GVSU receives federal grant to support degree-seeking veterans

GVL / Emily Frye 
Servicemen Calvin Crandell and James Vannette standing their ground in front of the American flag in the center of Allendales campus on Sep. 11th.

GVL / Emily Frye Servicemen Calvin Crandell and James Vannette standing their ground in front of the American flag in the center of Allendale’s campus on Sep. 11th.

Theresa Mueller

Grand Valley State University will be expanding its services for veteran students with the formation of Veterans Upward Bound (VUB), a federally funded TRIO program. GVSU received a $1.3 million, five-year grant from the U.S. Department of Education to fund the development of VUB.

Funds for VUB will enable low-income veterans seeking to complete degree programs at GVSU to receive free services.

The Division of Inclusion and Equity submitted an application for the federal grant to the Department of Education this past June. Despite the competitive process, the university received notice for the award in late September. 

Currently, GVSU’s Division of Inclusion and Equity provides services to students through the Veteran Network program. 

“The Division of Inclusion and Equity strives to continually extend our efforts to advance the educational pipeline for veterans,” said Kathleen VanderVeen, assistant vice president for equity, planning and compliance, and ADA officer, via email. “Our objectives are to improve veteran readiness for post-secondary opportunities, improve admittance to post-secondary programs and improve graduation rates for the veterans who enter these institutions.”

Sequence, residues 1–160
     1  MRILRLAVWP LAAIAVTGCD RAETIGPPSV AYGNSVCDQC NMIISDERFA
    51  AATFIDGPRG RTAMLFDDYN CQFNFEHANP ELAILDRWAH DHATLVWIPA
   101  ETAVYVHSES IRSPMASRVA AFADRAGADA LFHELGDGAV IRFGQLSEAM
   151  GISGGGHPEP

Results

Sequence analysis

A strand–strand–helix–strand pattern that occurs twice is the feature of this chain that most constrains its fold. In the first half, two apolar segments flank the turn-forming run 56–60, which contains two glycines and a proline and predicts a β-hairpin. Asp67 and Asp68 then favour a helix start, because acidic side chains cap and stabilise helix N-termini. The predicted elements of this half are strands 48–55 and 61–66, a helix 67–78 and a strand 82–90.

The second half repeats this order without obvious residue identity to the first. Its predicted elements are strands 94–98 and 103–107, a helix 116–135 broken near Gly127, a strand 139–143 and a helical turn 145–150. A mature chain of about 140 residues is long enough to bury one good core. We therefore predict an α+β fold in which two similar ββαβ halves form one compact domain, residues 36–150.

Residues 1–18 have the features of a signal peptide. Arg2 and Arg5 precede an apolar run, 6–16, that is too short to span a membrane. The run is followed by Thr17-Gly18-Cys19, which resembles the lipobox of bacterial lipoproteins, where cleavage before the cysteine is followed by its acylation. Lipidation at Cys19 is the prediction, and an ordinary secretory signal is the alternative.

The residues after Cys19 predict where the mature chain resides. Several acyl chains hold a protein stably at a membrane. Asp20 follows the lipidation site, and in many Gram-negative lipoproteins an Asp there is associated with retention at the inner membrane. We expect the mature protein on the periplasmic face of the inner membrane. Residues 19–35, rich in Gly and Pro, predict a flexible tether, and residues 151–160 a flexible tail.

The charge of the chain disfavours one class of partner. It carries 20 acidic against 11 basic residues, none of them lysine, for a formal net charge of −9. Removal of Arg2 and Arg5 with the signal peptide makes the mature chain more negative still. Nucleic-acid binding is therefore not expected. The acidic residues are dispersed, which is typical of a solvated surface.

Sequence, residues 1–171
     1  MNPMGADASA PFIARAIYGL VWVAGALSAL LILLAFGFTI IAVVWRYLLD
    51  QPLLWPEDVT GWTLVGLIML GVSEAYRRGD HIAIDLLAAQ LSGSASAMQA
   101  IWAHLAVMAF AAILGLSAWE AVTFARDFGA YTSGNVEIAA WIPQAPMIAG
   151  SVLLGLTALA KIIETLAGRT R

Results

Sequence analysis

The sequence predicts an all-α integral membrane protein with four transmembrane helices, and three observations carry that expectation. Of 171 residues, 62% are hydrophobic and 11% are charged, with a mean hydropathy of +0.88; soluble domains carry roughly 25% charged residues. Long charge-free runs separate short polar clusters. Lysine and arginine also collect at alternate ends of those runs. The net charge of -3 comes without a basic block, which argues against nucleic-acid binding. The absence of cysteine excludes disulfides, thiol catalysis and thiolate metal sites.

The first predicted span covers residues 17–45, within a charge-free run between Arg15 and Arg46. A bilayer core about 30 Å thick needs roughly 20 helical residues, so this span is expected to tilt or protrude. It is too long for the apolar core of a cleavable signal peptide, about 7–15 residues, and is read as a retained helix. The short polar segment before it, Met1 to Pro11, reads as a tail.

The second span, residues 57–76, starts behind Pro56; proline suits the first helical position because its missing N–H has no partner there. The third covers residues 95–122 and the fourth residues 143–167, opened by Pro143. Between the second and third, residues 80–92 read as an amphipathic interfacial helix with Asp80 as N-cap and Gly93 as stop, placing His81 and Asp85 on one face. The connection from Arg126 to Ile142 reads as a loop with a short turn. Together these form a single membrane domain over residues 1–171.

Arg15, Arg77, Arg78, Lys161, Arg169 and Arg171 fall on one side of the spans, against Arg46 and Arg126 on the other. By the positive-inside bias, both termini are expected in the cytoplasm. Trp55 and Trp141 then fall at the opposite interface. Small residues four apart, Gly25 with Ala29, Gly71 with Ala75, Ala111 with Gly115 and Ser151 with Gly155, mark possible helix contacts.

GVSU’s Veteran Network program is a campus resource that supports veterans, active service members and dependents in transition from military to student roles. The federal grant enables the university to extend its services to veteran students in the community through VUB.

“VUB is designed to motivate and assist veterans in the development of academic skills necessary for acceptance and success in the development of post-secondary education,” VanderVeen said. 

The grant will provide GVSU the opportunity to develop a dedicated staff and provide free academic support services annually for five years to 125 pre-college veterans from Kent, Ottawa, Muskegon and Allegan counties.

“I am thrilled that West Michigan, in particular Grand Valley State University, is going to be able to provide these kinds of resources for the individuals who served our country,” VanderVeen said. “This grant is going to make a difference in the lives of many veterans.”   

The process for finding a director for VUB is underway. Once that role is filled, the recruitment process for program participants will follow. The majority of the effort to establish the new veterans’ education program has been fulfilled by the Division of Inclusion and Equity, but other members of the GVSU community have shown their support as well. 

As a U.S. Coast Guard veteran, GVSU President Thomas Haas is passionate about the university’s outreach to veterans in the community. He sees VUB as an opportunity for GVSU to “serve those who serve us.”

“I will give my full support and let our great staff figure out the right pathway (for veterans),” Haas said.